“The State of Ohio should be preserving its state parks and its scenic and recreational lakes. The wind turbines are visual pollution that will create a new obtrusive skyline for everybody that enjoys Indian Lake.”
EverPower submitted two drawings to the siting board, which includes Ohio Department of Natural Resources Director James Zehringer as a member. The drawings use engineering models to superimpose distant wind turbines on actual photos of the Indian Lake skyline.
While the Indian Lake residents acknowledge those photos, they say they do not go far enough to address the impact the turbines could have on lake views.
Mr. Grant’s motion for rehearing is based upon several issues addressed at hearings in advance of the ruling, including the threat to the endangered Indiana brown bat, setback distances, noise, shadow flicker and that residents oppose the project.
In their interview with the Examiner, the local EverPower representatives also addressed several other concerns.
High among the list was the taxation issue.
For the nearly 60 turbines proposed for Logan County to be erected as planned, the Logan County Commissioners must approve a request for a payment in lieu of taxes agreement, Mr. Dagger said. Hardin County is already an alternative energy zone and no such request is necessary there.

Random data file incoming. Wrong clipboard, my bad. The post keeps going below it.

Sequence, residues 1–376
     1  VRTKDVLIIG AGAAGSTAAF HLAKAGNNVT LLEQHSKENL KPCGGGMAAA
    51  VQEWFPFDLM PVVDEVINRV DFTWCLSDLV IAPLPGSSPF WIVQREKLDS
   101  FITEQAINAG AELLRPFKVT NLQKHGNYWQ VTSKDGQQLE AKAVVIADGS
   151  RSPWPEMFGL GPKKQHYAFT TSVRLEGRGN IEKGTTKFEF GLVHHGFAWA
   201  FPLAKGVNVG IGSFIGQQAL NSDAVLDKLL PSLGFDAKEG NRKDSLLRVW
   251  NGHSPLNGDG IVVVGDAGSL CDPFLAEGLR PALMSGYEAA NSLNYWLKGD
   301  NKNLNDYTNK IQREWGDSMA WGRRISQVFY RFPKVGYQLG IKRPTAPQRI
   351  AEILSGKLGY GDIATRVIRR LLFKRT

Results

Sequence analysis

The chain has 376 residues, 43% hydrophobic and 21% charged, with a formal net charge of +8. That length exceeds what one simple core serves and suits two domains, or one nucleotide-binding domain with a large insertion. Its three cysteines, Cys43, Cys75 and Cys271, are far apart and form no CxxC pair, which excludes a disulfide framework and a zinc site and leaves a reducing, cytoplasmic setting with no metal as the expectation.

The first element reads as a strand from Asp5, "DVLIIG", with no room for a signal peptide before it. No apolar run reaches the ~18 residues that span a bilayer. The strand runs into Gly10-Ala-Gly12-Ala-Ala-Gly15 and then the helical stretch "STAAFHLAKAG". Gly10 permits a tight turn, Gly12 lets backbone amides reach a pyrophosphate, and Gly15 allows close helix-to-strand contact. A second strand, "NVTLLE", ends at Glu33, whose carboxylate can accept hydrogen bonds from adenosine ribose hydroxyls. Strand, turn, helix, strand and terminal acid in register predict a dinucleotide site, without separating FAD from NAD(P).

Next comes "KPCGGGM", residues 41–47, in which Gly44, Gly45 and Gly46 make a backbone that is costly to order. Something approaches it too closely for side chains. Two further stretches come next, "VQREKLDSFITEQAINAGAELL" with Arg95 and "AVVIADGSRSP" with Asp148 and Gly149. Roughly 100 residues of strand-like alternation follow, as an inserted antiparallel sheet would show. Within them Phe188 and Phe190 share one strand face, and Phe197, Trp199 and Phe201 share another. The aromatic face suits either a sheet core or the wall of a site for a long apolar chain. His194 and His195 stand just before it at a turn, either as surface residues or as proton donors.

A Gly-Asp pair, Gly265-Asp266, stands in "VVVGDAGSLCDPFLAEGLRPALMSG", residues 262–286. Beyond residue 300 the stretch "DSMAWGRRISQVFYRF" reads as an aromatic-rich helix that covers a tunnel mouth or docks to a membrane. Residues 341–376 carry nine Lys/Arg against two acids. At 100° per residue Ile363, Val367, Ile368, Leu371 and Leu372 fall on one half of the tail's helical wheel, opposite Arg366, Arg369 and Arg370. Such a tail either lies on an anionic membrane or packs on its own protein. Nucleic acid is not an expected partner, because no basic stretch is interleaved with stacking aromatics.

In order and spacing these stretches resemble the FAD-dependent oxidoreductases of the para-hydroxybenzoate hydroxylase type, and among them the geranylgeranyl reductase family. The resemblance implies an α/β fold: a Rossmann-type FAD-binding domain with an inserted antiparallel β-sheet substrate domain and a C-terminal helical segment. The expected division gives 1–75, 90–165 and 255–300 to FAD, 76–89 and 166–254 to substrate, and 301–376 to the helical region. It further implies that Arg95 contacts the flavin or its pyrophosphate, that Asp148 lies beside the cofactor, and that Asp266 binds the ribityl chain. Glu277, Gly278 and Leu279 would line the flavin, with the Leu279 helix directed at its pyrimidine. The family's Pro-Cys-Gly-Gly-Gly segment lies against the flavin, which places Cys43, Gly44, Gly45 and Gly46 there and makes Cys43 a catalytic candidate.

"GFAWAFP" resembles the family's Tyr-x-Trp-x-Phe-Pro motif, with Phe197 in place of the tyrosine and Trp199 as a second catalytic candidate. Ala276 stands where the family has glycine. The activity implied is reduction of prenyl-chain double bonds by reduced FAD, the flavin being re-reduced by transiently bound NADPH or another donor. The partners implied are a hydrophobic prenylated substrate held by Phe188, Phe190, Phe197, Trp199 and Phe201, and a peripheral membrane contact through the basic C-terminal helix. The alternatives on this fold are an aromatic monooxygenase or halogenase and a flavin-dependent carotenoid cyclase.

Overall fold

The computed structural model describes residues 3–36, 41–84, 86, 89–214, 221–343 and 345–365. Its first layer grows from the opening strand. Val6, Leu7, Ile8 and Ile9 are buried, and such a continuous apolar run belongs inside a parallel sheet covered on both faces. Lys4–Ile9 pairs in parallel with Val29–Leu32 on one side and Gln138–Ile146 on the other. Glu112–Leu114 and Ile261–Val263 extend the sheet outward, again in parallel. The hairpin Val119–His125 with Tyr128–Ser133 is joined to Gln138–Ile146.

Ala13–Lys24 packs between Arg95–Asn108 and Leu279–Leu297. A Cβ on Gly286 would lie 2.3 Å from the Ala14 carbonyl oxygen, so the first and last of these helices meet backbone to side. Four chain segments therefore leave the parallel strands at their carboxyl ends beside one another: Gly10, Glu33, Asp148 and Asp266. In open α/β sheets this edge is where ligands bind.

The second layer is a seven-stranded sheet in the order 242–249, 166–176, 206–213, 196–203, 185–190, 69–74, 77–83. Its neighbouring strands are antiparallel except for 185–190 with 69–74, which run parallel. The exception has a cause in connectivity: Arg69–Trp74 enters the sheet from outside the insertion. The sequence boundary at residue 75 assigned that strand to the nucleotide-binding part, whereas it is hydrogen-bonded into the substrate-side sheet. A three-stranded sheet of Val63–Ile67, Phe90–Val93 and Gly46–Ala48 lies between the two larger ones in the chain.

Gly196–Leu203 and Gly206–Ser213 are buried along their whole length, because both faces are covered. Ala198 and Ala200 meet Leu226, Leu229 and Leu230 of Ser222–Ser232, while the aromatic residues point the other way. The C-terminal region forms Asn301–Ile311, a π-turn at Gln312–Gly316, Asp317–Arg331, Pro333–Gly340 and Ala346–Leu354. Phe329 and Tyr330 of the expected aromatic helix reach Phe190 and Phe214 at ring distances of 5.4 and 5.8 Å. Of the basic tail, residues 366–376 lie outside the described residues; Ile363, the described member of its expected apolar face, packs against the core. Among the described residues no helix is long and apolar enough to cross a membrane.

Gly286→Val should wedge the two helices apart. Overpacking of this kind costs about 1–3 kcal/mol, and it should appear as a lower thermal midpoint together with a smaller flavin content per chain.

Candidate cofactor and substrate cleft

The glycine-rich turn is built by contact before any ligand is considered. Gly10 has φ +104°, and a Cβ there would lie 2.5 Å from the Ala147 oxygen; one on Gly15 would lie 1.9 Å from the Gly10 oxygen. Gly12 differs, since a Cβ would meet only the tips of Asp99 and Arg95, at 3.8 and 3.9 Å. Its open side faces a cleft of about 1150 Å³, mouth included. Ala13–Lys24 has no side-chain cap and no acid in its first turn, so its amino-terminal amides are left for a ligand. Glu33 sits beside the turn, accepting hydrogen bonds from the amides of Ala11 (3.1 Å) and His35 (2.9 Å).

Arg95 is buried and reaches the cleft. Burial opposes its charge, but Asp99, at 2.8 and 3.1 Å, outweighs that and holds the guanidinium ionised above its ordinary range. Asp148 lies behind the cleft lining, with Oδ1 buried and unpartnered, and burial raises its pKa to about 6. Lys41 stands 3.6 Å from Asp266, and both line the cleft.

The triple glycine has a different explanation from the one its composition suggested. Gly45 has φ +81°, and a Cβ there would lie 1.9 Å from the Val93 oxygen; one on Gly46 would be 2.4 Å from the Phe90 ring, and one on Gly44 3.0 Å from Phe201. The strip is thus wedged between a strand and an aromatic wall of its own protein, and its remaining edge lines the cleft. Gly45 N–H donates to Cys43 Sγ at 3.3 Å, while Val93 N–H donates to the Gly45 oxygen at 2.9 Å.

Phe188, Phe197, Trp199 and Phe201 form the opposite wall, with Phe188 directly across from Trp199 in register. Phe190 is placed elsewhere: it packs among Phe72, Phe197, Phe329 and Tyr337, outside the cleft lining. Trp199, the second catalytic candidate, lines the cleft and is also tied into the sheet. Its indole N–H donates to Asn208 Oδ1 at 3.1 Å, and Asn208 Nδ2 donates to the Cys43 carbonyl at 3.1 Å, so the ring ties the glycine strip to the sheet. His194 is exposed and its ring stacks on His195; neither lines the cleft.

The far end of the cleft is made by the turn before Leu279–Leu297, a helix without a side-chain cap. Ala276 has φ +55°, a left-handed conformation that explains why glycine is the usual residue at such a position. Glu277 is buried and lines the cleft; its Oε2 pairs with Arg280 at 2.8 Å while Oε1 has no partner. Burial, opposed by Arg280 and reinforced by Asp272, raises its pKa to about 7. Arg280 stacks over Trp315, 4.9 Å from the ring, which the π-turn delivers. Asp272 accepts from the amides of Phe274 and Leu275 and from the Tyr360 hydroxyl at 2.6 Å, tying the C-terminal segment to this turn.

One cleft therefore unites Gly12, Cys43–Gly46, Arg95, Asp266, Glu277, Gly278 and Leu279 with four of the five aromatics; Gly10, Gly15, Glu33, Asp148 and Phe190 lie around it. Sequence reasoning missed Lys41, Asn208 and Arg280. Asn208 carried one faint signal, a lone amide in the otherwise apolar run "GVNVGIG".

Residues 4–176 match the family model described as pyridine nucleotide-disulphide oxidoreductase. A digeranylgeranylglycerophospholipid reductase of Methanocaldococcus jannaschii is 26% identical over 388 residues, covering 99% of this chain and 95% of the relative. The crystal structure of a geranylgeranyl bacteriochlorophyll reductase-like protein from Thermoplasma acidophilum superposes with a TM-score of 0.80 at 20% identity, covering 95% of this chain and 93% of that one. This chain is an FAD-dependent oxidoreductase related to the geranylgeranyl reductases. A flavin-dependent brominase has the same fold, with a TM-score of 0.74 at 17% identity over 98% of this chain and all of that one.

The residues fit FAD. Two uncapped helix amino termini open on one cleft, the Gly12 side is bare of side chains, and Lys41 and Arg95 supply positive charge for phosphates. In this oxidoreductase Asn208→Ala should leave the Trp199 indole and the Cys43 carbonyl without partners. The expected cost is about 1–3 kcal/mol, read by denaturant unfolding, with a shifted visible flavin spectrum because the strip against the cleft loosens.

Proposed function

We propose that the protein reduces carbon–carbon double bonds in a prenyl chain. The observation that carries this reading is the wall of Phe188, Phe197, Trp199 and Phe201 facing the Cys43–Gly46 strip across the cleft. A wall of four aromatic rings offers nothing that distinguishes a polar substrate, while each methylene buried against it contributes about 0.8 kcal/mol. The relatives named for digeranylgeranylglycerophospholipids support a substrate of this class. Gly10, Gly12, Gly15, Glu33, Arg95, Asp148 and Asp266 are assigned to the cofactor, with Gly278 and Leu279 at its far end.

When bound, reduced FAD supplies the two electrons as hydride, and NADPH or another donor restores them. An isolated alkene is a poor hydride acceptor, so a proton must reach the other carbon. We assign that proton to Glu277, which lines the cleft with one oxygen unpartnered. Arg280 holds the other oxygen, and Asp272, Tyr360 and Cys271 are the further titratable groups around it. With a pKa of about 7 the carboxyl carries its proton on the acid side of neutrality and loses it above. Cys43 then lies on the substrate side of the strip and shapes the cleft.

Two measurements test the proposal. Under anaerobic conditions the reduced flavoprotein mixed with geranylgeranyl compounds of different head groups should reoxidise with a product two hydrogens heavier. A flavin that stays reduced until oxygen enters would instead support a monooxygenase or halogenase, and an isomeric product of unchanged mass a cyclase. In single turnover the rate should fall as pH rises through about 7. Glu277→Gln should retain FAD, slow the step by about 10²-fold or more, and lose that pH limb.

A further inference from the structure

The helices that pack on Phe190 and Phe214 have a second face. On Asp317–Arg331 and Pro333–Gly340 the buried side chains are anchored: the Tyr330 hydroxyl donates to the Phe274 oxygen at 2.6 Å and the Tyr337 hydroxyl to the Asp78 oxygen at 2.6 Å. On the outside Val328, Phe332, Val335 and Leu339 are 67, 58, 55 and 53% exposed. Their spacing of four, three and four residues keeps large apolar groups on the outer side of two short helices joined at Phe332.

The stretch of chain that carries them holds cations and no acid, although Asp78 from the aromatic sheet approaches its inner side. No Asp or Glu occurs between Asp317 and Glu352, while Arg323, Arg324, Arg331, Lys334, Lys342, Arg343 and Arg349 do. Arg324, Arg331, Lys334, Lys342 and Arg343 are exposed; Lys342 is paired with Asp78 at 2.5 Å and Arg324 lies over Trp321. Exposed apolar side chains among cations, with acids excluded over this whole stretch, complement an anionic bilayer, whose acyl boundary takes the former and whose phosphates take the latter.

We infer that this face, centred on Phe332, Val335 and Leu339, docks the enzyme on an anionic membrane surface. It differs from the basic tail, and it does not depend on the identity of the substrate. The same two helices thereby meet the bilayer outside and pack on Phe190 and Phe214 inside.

According to the PILOT agreement, the two counties would split an annual payment of $2.7 million, which would be divided among the various schools and political districts.
The project is still undergoing engineering work and decisions on the appeals must first be finalized, but EverPower does plan to ask for the tax incentive.
“We need to have a better plan before we come to the commission; we are a ways out on that yet,” Mr. Dagger said.
He did indicate if commissioners refuse the request, that turbines may not be built south of the Logan-Hardin county line, but Logan County would not share in the tax benefit either.
“We still have to decide what we would do if that is the case,” he said.
The company officials said the project would create eight to 14 full-time jobs that pay an average of about $65,000 per year, Mr. Dagger said. And the jobs could be filled with current local residents if they have appropriate experience to build upon.
“These would be jobs that would involve general electrical skills and maintenance along with computer technology,” Mr. Dagger said. “You can train anybody if they already have the right skill set. We as a company encourage local folks because they do stay here.”
They also addressed the Buckeye Wind Farm, which is a two-part development in six townships in Champaign County that is only slightly smaller than the Scioto Ridge proposal.
Buckeye Wind also awaits outcomes of legal appeals and tax requests, but Mr. Dagger said even if both Buckeye and Scioto Ridge move forward there are no plans to eventually build on Logan County’s Bristol Ridge, which contains the highest points in the state.
“We have discussed this at length and the answer is no,” he said. “There are a lot of issues with building on those ridges and we have no plans to pursue that.”
The next step in the process is for the Ohio Power Siting Board to decide if or when it will conduct a new hearing on the permit. After that, the intervenors or others could file a legal appeal.